# Tag Info

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The short answer: No, sex differences in professions is not a good basis for judging the intelligence of males and females. This question has already received flags to be closed. However, I think it should be left open particularly because it can be answered and I would like to address some of the assumptions and misconceptions in the question. First, I ...

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Like any simple-seeming cognitive sciences question, it is important to start with a series of disclaimers. It might seem like human intelligence or intelligence more generally is an intuitive concept, but once you start to explore your intuition or look at historic definitions of intelligence, you see that intelligence is a very ill-defined and slippery ...

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Your explanation limits your question to the present day United States. Richard Lynn (2004) indeed found that American Jews have a higher verbal intelligence than non-Jewish whites by an average of 7.5 IQ points. But since American Jews are largely descendants of European immigrants, their higher relative intelligence might be a result of so-called "eugenic ...

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ISO 9241, a standard covering ergonomics of human-computer interaction, defines in its subsection 9241-110, "Dialogue Principles", that the interface in information systems should be (among other things): suitable for the task facilitate learning conform with user expectations describe its own purpose and functioning You could translate all this to: ...

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So you're basically asking what are the causes of interpersonal differences in intelligence as typically measured by standardised psychometric tests. This question forms the basis for a large proportion of the literature on intelligence. For example see a journal like Intelligence. For a review you could read Intelligence: Knowns and Unknowns A few quick ...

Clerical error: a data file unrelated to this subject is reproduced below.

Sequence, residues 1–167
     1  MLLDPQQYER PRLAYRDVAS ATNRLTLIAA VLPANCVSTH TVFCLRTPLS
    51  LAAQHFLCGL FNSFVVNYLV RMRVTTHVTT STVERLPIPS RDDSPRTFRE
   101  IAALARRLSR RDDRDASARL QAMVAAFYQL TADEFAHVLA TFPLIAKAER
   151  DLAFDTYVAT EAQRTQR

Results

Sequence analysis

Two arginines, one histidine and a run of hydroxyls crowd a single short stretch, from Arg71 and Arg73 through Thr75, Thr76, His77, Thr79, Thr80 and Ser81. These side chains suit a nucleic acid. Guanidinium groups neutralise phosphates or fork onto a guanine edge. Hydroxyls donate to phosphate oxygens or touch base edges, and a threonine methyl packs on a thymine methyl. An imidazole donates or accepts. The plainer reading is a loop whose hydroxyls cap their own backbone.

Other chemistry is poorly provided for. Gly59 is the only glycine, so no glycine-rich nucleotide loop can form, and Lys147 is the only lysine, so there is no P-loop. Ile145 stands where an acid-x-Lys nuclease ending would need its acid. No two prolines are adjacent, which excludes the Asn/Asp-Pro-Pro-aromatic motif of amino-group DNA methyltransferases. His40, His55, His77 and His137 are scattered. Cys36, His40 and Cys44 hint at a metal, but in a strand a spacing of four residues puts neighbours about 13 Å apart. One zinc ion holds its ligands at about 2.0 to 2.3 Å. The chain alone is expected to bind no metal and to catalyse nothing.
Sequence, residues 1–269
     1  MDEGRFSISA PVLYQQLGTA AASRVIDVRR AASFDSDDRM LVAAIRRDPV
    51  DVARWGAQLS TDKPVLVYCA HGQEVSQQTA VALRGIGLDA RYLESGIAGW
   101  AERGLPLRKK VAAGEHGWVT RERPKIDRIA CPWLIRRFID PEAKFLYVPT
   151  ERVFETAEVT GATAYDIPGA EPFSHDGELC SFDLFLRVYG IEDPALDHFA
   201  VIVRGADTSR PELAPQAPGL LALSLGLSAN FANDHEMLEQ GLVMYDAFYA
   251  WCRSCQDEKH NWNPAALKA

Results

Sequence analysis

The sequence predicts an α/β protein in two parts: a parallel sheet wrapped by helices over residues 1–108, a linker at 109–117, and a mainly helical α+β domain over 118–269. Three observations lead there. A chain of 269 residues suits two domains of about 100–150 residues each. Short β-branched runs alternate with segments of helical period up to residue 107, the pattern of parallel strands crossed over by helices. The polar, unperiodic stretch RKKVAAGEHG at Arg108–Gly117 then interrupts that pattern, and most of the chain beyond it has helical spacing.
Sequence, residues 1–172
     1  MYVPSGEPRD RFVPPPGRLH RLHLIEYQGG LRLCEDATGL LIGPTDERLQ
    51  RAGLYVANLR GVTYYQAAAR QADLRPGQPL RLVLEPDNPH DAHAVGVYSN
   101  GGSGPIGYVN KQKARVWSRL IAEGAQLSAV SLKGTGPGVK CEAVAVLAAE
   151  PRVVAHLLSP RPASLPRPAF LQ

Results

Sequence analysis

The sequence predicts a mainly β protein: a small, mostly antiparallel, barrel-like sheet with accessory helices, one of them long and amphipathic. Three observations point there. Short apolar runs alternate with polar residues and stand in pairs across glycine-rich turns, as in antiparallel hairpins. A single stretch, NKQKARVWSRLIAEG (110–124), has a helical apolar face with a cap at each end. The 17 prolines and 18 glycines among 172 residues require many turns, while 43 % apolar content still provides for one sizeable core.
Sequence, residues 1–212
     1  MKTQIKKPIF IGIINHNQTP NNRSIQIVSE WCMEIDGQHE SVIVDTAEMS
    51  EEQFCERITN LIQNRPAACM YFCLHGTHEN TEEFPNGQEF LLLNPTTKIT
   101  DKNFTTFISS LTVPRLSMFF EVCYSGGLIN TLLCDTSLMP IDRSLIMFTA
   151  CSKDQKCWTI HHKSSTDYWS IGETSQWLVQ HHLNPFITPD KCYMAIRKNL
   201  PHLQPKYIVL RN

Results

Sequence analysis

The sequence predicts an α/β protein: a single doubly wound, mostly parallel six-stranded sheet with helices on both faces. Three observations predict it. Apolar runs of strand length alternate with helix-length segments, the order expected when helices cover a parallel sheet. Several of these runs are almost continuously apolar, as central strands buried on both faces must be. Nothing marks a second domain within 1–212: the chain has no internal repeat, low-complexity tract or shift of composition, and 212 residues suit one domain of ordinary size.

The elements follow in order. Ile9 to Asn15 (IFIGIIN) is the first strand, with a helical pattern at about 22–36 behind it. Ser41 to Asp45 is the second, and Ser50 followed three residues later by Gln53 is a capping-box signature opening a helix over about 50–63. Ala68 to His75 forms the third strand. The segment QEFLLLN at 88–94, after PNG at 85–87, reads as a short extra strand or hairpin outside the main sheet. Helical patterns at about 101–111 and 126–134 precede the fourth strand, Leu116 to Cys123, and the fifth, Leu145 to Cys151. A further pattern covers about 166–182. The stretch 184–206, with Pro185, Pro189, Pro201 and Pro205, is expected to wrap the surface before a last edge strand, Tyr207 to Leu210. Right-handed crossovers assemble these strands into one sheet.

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A lot of research seems to have been done on the challenges multilingualism poses for the human brain, but not so much on how much actually meeting those challenges improves one's overall cognitive capacity. At present the general approach seems to be summed up: "Cognitive science suggests that the brain has selective resources with limited capacity" (Emily ...

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The answer is "yes." The entire field of Human Factors and Ergonomics is devoted to enhancing the experience of the human user. Cognitive engineering is the branch of human factors that focuses specifically on how people perceive and respond to system interfaces. Engineers and scientists in this field try to design components, systems, interfaces, and even ...

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Assuming you're getting at a related idea to your other recent question (Does a more ergonomic and user friendly interface/device make the human brain work less?), I wouldn't worry about user friendliness causing mental atrophy by precluding the need for thought. Thought continues well beyond matters of control to matters of application and optimization. ...

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Unanswered questions don't necessarily cause cognitive dissonance. Need for closure varies across individuals; some of us don't mind having some (or even many) unanswered questions much at all. One also moves forward along a path while "looping," and that path isn't necessarily infinite; in fact, it probably isn't for any mortal, practically speaking. For ...

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We are driven by this need to find answer to our questions. Many questions arise from one's mind by experiencing new events or feelings, or having to sort out a cognitive dissonance. An example of this would be the need for victims to find the guilty. When we can’t immediately gratify our desire to know, we become highly motivated to reach a concrete ...